Along with the SA autos the consistent trigger pull or Striker-fired pistols (SFPs) are getting a lot of play these days. They are easy to shoot. Now then, easy to shoot is a two-edged sword, make no mistake. While an easy-to-shoot trigger doesn't necessarily mean light, it normally is, and this means you have to engage all gears when handling these pistols. Pistols in this category range from the Taurus 24-7 which come with a thumb safety like a 1911 to the Glock which has no external safety lever except for the trigger safety. The Springfield XD and S&W M&P can be had with or without a safety lever--which by the way should tell you how insignificant these levers are for the mechanical safety of the pistol; they exist simply to placate those who feel the emotional need for a lever between them an act of careless stupidity. The XD line of pistols also come with a passive grip safety which helps prevent firing unless the pistol is gripped just so. Note they also prevent firing unless the pistol is gripped just so--grip safeties are not compatible with all hand sizes and shapes. A pistol should not fire when you don't want it to fire but by gum is should fire when you do want it to. Part of the reason the SFP type of pistol is so popular today is of course that they are one of the main types offered with plastic, or polymer, frames, meaning they are lightweight compared to steel or even aluminum framed pistols. This shouldn't affect your trigger-style decision-making process much however as polymer has become so popular that other types can be had in plastic if you want it, including those with DAO, SA or TDA triggers. My main advice for those considering SFP pistols is simply understand that these guns are not forgiving of fools. I don't want to suggest that there is such a thing as guns for careless people, but the fact remains that the fewer blocks between us and tragedy the more incumbent it is upon us to be diligent.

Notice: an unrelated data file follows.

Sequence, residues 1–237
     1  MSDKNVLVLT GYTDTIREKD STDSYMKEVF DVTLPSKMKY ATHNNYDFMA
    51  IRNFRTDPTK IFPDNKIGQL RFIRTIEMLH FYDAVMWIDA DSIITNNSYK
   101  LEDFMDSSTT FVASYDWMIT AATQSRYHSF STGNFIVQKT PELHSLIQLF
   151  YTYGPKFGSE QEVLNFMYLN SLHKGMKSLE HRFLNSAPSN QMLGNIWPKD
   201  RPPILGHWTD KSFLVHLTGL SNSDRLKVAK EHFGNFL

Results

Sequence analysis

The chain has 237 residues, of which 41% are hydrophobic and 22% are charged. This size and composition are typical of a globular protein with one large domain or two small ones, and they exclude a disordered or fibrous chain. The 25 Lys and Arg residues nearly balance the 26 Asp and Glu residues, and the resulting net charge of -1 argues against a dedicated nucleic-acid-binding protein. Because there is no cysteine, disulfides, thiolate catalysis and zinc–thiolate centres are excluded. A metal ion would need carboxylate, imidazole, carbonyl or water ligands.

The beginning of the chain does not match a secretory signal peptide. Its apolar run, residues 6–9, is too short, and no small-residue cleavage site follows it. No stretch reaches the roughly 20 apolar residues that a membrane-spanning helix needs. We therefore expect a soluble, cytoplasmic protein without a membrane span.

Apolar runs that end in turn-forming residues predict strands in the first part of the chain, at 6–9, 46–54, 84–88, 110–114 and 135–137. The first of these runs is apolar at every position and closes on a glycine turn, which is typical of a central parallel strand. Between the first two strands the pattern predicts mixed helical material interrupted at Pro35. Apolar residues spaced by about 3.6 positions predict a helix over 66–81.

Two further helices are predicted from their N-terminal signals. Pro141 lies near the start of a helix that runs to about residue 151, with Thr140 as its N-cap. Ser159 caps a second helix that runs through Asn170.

One thing you must know about most SFPs is that they they do not come with triggers as light and smooth and easy to shoot as 1911 pistols, and that they are not quite as risky as a typical 1911--in my opinion--when used for threat management. Since there is no external safety lever on some you simply must keep your finger off the trigger. But when you do have your finger on the trigger you are not touching a 3.5 to 5lb. 1911 trigger that "breaks like glass," you have something with a bit more feel to it that lets you know it is setting up to fire, and the weight is closer to 6lbs. or so with most makes and models, Glocks included. Glock does offer a couple models with lighter triggers...for competition. That should tell you something.
DAs and especially DAOs are the easiest guns to live with, SAs and SFPs the hardest. But as I've said all through this article, the guns that are the easiest to shoot when we desire to shoot them are the easiest shoot accidentally. A gun that is easy to shoot brings out the best or the worst in everyone. That is not a product of the gun but a reaction of the individual to the mechanical tool. We need to learn enough about the different gun types that we can match up our personality type to the mechanical type that best suits us. Happy and safe shooting. (9 May 09)
copyright 2009 Mark E. Freburg, all rights reserved